Dr. King expounds on the love of God by referencing a verse from the Bible in the Book of Luke. The verse states, "Then said Jesus, Father, forgive them; for they know not what they do." Dr. King notes the truth of this verse is also revealed in race relation of today.

Loving Your Enemies

Dr. King interprets Jesus' command to "love your enemies" and outlines how to accomplish this goal. He closes this sermon by relating the philosophy of love to the use of nonviolence as a means to overcome oppression.

Making the Best of a Bad Mess

In this sermon, Dr. King discusses the letter Paul sent to Titus while he was in Crete. According to the letter, Crete was a terrible place for Christians, and Titus may have been confused as to why he was left there. Paul wrote to him saying that he left him there to make the situation better for the other people there. That is how one makes the best out of a bad mess.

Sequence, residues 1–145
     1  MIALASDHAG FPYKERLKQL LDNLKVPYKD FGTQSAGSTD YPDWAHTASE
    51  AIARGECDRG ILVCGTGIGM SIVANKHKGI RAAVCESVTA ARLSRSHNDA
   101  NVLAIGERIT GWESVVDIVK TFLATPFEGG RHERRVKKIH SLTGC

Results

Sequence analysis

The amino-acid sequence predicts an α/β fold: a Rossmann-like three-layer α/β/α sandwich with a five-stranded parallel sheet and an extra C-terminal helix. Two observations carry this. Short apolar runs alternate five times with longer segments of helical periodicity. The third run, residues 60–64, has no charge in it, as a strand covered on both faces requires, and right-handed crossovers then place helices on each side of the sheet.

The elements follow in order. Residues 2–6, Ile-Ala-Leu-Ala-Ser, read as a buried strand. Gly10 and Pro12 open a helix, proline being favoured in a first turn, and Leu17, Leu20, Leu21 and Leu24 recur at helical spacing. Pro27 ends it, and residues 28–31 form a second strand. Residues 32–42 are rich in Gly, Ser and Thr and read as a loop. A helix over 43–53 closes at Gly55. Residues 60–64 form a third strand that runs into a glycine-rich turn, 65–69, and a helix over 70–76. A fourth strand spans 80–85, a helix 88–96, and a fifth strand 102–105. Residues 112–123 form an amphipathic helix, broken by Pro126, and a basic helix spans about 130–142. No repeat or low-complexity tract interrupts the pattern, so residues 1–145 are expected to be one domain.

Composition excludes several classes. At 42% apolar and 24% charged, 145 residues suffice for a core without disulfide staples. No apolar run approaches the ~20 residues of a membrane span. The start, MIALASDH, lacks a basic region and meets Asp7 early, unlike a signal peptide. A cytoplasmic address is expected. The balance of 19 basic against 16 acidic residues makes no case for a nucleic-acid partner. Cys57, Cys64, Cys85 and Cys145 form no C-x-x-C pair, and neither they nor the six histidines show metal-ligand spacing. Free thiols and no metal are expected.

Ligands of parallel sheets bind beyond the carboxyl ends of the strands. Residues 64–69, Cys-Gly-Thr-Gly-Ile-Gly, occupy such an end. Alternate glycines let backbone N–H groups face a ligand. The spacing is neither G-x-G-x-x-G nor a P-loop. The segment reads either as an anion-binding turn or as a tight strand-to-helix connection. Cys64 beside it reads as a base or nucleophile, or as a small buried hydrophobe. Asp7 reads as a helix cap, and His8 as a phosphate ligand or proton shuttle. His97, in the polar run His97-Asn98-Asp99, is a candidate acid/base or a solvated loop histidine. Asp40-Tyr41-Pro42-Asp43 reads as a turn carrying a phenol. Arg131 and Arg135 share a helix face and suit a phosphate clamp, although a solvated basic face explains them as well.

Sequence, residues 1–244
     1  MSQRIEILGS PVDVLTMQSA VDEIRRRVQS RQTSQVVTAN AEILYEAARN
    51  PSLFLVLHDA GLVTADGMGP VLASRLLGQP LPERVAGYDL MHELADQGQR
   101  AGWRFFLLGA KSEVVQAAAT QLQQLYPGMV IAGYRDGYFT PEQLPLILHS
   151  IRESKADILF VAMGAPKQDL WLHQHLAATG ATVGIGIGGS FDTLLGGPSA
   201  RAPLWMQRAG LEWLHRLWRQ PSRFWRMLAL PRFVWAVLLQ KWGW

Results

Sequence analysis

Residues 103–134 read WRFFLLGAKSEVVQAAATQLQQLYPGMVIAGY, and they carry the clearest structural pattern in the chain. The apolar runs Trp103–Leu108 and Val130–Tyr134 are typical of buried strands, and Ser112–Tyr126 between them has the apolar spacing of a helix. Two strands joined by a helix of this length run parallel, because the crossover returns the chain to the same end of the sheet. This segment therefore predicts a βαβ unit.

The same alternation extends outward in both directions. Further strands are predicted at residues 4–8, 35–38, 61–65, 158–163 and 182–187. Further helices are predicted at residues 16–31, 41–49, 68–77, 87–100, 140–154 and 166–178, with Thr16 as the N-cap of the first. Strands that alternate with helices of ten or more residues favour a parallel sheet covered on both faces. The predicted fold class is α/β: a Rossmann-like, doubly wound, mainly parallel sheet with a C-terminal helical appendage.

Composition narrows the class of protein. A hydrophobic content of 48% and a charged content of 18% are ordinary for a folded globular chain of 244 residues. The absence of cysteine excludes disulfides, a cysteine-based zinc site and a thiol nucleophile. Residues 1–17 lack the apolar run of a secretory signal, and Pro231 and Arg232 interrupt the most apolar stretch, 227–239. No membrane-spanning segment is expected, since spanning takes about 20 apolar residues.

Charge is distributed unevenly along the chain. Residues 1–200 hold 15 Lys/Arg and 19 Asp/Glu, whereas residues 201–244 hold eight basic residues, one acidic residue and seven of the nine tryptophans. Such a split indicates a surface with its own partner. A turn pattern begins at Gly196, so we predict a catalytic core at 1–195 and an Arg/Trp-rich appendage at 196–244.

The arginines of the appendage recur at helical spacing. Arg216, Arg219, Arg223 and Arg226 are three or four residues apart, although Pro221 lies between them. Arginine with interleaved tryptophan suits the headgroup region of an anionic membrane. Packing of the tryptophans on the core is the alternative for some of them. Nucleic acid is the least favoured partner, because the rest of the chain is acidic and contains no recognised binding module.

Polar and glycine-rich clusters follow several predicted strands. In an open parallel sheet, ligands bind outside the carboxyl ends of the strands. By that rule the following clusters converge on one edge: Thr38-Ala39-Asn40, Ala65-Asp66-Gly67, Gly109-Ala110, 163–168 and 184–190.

Making the Best of A Bad Mess

This text of Dr. King's "Making the Best of a Bad Mess" sermon encourages the congregation at Ebenezer Baptist Church to remain faithful in times of destitution. He makes clear the point that happiness is not found, but is instead created.

Mastering Ourselves

"Mastering Ourselves" is Dr. King's exploration of the inner struggle for good and evil that occurs within every human's experience. Dr. King asserts that this "dualism" can sometimes cause good people to do bad things and bad people to do good things. According to Dr. King, this can only be overcome through identifying and replacing one's own weaknesses. He also suggests finding a profitable way to use leisure time coupled with a devotional life and continuous prayer.